An accidental, in music theory, is a musical notation that is used to raise or lower the pitch of a note. There are a handful of accidentals - sharps, flats, naturals, double sharps, and double flats. In piano, when an accidental precedes a note, it tells the pianist to play a different note from the original. When an accidental appears in a measure, every note that is the same as the note being changed is changed the same way. In a key signature, accidentals retain their effects for the entire piece (unless a natural has been used to cancel it).
A sharp raises the note by a half-step (or one key precisely to the right of the note being raised). They can written as #. A sharp does not necessarily mean a black key as sharps raise a note by a semitone, whether if it is a black or white key. An example of a sharp: B sharp sounds the same as, or is enharmonically equivalent to a C natural. G sharp becomes an A flat and so on.
A flat lowers the note by a half-step (or one key precisely to the left of the note being lowered). They can be written as b. Flats also do not mean the presence of a black key as flats lower a note by a semitone, regardless if it is a black or white key. An example of a flat: C flat is enharmonically equivalent to B natural. G flat sounds the same as F sharp.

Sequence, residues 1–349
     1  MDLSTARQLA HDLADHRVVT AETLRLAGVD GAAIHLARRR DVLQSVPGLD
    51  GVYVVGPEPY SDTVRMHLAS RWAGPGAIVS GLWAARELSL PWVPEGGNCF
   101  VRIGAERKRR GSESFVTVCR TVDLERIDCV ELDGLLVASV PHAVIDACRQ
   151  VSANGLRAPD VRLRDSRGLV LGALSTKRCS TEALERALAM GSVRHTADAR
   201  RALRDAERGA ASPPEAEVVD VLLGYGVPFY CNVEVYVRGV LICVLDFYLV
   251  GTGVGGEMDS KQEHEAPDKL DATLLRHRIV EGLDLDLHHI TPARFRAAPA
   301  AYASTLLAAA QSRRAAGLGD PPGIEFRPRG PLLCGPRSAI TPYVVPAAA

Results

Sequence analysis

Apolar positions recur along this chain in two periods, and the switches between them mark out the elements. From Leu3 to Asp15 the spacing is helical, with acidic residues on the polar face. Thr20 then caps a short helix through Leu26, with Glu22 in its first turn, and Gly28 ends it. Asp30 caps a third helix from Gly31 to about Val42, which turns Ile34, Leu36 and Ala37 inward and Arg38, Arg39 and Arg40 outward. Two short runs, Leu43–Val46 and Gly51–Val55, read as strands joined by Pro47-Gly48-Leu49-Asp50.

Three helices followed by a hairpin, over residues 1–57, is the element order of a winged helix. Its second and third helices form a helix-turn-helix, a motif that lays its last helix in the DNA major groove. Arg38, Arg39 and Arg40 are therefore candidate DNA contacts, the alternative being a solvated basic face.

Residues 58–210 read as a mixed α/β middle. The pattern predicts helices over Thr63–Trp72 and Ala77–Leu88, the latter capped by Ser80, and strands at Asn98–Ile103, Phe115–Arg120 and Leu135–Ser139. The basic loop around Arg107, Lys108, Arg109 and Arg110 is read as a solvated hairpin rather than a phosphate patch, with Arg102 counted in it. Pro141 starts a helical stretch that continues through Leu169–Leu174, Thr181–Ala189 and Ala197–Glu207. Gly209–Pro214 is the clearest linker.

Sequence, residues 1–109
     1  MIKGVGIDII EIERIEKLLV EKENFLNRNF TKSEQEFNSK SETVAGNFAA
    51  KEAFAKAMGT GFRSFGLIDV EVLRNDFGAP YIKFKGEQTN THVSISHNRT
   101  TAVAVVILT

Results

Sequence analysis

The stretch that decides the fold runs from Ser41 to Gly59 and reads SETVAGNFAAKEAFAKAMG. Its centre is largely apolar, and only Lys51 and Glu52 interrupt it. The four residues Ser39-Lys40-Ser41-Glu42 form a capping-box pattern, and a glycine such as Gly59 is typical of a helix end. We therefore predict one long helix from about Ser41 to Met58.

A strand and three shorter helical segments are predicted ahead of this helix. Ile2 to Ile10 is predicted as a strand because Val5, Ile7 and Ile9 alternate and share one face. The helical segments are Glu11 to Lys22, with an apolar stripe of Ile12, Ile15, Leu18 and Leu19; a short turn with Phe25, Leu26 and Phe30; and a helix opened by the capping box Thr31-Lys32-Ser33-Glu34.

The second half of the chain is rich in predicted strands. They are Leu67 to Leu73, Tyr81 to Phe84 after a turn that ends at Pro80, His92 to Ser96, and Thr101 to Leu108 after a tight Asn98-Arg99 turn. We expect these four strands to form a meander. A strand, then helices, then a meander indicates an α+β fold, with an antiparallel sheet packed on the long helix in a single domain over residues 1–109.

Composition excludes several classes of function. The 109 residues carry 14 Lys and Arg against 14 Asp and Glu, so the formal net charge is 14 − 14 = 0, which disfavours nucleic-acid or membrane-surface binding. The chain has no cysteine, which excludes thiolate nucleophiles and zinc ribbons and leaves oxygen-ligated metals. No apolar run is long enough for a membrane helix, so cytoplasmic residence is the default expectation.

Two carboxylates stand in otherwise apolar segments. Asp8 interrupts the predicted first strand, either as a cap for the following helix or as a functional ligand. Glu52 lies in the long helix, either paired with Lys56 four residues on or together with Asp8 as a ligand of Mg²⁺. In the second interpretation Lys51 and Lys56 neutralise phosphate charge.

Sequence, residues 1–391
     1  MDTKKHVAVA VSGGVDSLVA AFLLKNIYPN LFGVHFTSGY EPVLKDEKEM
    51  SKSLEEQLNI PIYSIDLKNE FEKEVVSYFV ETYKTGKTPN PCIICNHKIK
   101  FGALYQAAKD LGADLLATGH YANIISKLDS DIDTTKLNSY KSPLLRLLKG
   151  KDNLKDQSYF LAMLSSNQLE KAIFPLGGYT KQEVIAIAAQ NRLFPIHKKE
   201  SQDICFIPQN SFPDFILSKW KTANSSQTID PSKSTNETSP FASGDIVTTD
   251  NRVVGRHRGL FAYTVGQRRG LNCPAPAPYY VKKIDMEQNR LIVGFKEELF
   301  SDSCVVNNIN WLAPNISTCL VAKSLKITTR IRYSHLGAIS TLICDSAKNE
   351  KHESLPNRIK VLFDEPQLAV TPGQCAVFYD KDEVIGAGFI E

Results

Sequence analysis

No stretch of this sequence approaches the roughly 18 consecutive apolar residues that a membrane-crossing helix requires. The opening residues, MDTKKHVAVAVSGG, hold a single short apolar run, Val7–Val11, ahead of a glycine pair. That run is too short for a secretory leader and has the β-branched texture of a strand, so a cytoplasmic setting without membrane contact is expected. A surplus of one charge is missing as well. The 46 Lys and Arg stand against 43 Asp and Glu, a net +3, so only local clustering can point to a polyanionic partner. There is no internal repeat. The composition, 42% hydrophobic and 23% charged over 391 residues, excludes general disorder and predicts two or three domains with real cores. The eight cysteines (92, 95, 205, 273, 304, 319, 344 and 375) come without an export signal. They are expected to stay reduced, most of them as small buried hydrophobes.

Naturals are used to cancel the effects of any accidental. But are also very stupid to use because you are using it.
Double sharps seriously??/raise the affected oh come onnote by a whole-step (or two keys precisely to the right of the affected note).
Double flats lower the affected note by aare you kidding me? whole-step (or two keys precisely to the left of the affected note).
To remember the order of the flats or the you have got to be kidding mesharps, keep in mind these mnemonics:
For the order of the flats: Battle Ends And Down Goes Charles' Father
For the order of the sharps: Father Charles Goes Down And Ends Battle